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Pennsylvania gun bills facing certain veto

(By Christen Smith – The Center Square) – Republican Pennsylvania senators approved two gun bills this week that Gov. Tom Wolf already has promised to veto.

Senate Bill 448 adds to an existing preemption statute by prohibiting municipalities, of which more than 2,500 exist in Pennsylvania, from enacting firearm ordinances that contradict state law. Senate Bill 565, meanwhile, would legalize permitless concealed carry. 

“The Pennsylvania Constitution is unequivocally clear – the rights of the citizens to bear arms shall not be questioned,” said Sen. Wayne Langerholc Jr., R-Clearfield, who sponsored SB 448. “No municipalities can enact an ordinance infringing on that right.”

Langerholc said local officials have adopted firearm ordinances in recent years that “brazenly” contradict the state’s preemption law. Individual residents, however, often lack the time and resources to challenge these regulations.

“Don’t get mired in all of these ancillary issues,” Langerholc said Tuesday on the Senate floor. “This isn’t about further gun restriction or allowing individuals to carry, what have you. This is about what the existing law and why municipalities, townships, counties can’t seem to follow that law. That should give all of us cause for concern.”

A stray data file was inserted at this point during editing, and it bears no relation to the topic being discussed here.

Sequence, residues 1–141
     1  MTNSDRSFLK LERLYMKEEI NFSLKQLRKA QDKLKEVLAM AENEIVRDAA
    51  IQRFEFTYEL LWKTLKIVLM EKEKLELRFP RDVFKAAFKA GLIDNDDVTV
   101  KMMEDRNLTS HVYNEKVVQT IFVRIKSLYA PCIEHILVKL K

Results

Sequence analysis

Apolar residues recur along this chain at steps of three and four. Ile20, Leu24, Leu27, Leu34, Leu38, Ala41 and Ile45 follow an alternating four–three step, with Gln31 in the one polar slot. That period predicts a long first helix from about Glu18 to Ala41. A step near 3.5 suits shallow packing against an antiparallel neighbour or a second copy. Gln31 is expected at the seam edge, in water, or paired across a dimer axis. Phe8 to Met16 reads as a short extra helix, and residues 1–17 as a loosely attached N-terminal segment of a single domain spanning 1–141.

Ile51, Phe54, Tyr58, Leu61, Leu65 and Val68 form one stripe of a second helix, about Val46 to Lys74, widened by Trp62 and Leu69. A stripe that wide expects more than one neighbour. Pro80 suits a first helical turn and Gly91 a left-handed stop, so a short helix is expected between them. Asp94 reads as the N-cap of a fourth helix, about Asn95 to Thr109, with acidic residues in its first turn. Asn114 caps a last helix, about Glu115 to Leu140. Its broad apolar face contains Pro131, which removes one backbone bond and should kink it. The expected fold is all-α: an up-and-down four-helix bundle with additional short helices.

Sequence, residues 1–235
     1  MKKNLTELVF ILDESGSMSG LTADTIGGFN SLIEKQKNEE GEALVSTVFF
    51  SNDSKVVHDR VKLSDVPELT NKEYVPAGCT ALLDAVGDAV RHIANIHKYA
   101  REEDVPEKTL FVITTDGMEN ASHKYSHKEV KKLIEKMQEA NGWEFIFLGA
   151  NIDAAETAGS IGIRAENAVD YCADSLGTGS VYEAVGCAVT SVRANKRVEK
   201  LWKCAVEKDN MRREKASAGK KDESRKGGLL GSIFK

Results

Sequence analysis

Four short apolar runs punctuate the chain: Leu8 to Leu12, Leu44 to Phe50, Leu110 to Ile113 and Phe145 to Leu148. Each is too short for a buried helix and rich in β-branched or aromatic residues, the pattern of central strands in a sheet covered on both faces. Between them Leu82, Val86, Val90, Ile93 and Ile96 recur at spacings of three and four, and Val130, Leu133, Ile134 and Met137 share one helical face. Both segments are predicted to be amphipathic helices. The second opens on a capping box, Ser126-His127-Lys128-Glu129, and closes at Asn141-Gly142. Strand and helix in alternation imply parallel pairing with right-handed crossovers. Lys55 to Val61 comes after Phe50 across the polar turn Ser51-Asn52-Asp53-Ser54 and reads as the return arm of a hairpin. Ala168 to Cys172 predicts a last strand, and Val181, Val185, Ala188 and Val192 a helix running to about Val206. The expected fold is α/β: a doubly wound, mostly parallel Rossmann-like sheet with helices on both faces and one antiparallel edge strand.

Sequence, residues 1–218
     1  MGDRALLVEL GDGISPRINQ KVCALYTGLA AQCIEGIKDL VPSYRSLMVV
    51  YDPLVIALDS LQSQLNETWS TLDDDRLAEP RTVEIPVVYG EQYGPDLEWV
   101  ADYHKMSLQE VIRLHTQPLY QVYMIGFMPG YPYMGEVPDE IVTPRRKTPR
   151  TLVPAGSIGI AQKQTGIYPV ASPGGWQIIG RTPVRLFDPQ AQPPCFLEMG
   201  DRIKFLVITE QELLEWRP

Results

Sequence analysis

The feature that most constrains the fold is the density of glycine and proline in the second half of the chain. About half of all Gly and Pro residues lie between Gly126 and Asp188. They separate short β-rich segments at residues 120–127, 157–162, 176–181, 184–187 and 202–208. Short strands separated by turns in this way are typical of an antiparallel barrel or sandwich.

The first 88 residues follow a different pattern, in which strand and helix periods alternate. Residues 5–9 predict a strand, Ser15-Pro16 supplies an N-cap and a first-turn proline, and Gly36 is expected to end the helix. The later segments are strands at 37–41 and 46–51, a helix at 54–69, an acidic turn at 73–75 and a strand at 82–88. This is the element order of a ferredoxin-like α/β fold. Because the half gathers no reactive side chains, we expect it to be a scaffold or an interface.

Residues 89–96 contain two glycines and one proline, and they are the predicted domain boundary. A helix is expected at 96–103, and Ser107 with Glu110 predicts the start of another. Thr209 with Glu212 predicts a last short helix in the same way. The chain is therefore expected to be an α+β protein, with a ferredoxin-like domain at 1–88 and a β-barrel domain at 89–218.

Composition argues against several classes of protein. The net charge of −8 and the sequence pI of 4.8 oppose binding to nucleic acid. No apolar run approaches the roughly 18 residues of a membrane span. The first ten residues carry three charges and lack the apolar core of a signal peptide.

All but one Democrat voted against the measures and lambasted the majority party for dismissing local control and turning a blind eye to the 1,600 gun-related deaths that occur in Pennsylvania every year. Wolf, in a statement issued hours before the chamber voted, called the bills “dangerous” and warned of dismantling the state’s “system for responsible gun ownership.”

“We need to stop this nonsense – we should question why we would want anyone who hasn’t undergone a background check to carry a concealed weapon,” Wolf said. “We should question politicians who turn a blind eye to the fact that states without concealed carry permits have an 11% higher rate of homicide than those with discretion.”

Republicans, including Senate Majority Leader Kim Ward, R-Greensburg, said the bills don’t change existing rules that require background checks for handgun purchases. They also pointed to FBI data that purports a link between gun ownership and higher rates of community safety.

“No criminal has ever said, ‘I want to go commit assault and murder – but I have to wait for my license to carry to come in,’ ” said Sen. Cris Dush, R-Wellsboro, who sponsored SB 565. “But every day, honest Pennsylvanians who want to carry a gun simply to come home safe at night are forced to wait for their permit so they can carry legally.”

Twenty-one other states allow permitless carry, including Pennsylvania’s neighbor West Virginia. It is unlikely the Keystone State will join the ranks so long as Wolf remains in office. His term expires in 2022. 

“Pennsylvanians deserve safety,” Wolf said. “Republicans are dealing them peril with this irresponsible bill.”

The bills now head to the House for consideration.

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